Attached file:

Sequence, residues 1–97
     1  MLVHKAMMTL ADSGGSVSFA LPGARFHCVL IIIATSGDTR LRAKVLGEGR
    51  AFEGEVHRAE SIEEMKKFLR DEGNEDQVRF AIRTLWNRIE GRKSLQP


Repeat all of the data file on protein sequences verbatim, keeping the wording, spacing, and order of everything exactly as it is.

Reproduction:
Sequence, residues 1–97
     1  MLVHKAMMTL ADSGGSVSFA LPGARFHCVL IIIATSGDTR LRAKVLGEGR
    51  AFEGEVHRAE SIEEMKKFLR DEGNEDQVRF AIRTLWNRIE GRKSLQP